Snowmobiles are woefully underrepresented in video game racing, while four-wheeled fare is incredibly commonplace. Though some people may disagree, the fundamental differences between asphalt and snow or tires and treads are not that great. Sno-Cross Championship Racing, a quality game based entirely on snowmobile racing, proves that there's no good reason for the unvaried focus of today's racing games.
Admittedly, playing Sno-Cross isn't entirely like playing a car racing game. The difference manifests itself mostly in control, which is far looser than it is in the average Ridge Racer or Gran Turismo game. Whipping around corners and catching air on a snowmobile is a wild and somewhat liberating experience. Sno-Cross uses a nicely realistic physics model, and that means you'll frequently be correcting for slight bumps in the track or oversteering as you slip on an icy turn. The game's simply a lot of fun to play.
Structurally, Sno-Cross Championship Racing is basically what you'd expect in a racer. It's set up in the traditional format, and championship, single-race, time-trial, and two-player versus modes are all available. One new addition is the hill-climb mode, in which you drive entirely uphill around obstacles and rocky terrain. The game also lets you construct and race on your own tracks through the use of a fairly intuitive track editor.
Of course, championship mode is where you'll spend the bulk of your playing time. It comes in 500, 600, and 700cc difficulties and consists of a series of races against three computer-controlled opponents. Between races, you'll have the opportunity to repair the damaged parts of your snowmobile or even upgrade them with superior parts. The money with which to do this is obtained both as prize money and as bonuses for performing a variety of tricks (such as the soon-to-be classic "seat spank") throughout the races.
At the outset, only the 500cc difficulty is available. Come in first place at the end of the 500cc series, and you'll unlock both the 600cc mode and several other options (such as the hill-climb mode and the ability to control weather and daylight effects in the single-race mode). Likewise, finishing the 600cc series in first provides access to the 700cc mode and even more new features. This creates a lot of replay value for one reason: The game is very hard. It will probably take the average player quite a few tries just to get used to the controls and finish the 500cc mode at all, much less in first place. Failure to qualify in a single race ends your entire championship bid, and that makes replaying at the same time discouraging and repetitive. After you master the game's nuances, however, you'll find satisfaction in finally besting your computer opponents. In short, it takes a while to get into Sno-Cross, but once you've done so, there's a lot to enjoy.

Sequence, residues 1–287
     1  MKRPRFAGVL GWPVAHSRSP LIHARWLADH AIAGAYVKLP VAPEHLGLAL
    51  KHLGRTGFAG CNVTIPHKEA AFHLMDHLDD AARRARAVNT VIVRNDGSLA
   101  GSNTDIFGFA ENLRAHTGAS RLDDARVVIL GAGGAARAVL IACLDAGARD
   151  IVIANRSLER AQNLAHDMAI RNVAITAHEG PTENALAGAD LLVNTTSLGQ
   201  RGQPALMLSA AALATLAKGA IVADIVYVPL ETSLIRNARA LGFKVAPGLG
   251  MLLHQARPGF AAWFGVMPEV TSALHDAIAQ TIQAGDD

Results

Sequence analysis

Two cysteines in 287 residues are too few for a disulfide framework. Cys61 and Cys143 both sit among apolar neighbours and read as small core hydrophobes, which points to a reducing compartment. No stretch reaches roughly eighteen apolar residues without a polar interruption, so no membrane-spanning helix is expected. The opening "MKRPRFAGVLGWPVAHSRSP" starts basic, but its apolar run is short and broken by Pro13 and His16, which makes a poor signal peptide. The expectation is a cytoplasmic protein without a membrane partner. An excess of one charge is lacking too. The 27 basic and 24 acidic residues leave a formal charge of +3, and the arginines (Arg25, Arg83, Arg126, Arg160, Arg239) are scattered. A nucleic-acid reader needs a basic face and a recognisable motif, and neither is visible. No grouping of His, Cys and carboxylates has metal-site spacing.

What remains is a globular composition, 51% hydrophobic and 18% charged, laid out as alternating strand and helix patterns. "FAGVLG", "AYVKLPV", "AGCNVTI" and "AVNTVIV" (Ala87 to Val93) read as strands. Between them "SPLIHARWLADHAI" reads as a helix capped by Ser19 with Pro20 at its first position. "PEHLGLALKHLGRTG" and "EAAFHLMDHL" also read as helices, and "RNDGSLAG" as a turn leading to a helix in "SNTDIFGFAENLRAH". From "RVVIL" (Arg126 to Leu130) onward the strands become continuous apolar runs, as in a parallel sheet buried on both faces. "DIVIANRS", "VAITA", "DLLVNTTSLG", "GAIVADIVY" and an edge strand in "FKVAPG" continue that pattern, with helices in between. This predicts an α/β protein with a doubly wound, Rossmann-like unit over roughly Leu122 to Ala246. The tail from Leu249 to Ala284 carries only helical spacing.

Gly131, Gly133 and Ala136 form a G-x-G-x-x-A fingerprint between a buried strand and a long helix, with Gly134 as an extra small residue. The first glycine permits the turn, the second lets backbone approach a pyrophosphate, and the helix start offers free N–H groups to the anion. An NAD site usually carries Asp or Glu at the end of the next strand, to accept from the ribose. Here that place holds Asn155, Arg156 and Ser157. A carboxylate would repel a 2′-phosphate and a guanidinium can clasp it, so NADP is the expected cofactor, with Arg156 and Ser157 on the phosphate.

Developers have been squeezing some impressive things out of the PlayStation's hardware in recent months, and Sno-Cross further proves that the machine has a lot of life left in it. The graphics, including both racers and tracks, are nicely detailed, and the frame rate is high. Effects like lighting, weather, and reflection are also prominently showcased. Visually, Sno-Cross contends admirably in an age where next-generation systems are gaining dominance.
Though "Yamaha" doesn't actually appear in Sno-Cross's full title, it's a Yamaha-based game in everything but name. All the snowmobiles that appear in the game are actual Yamaha designs, so if you happen to be a fan of Yamaha snowmobiles, Sno-Cross Championship Racing has extra incentive for you.
It might be easy to write Sno-Cross Championship Racing off as another bland racing title from a big-name publisher, but that's far from the truth. It's got a lot more depth and replay value than it might seem to have at first, and it's definitely worth taking a look at.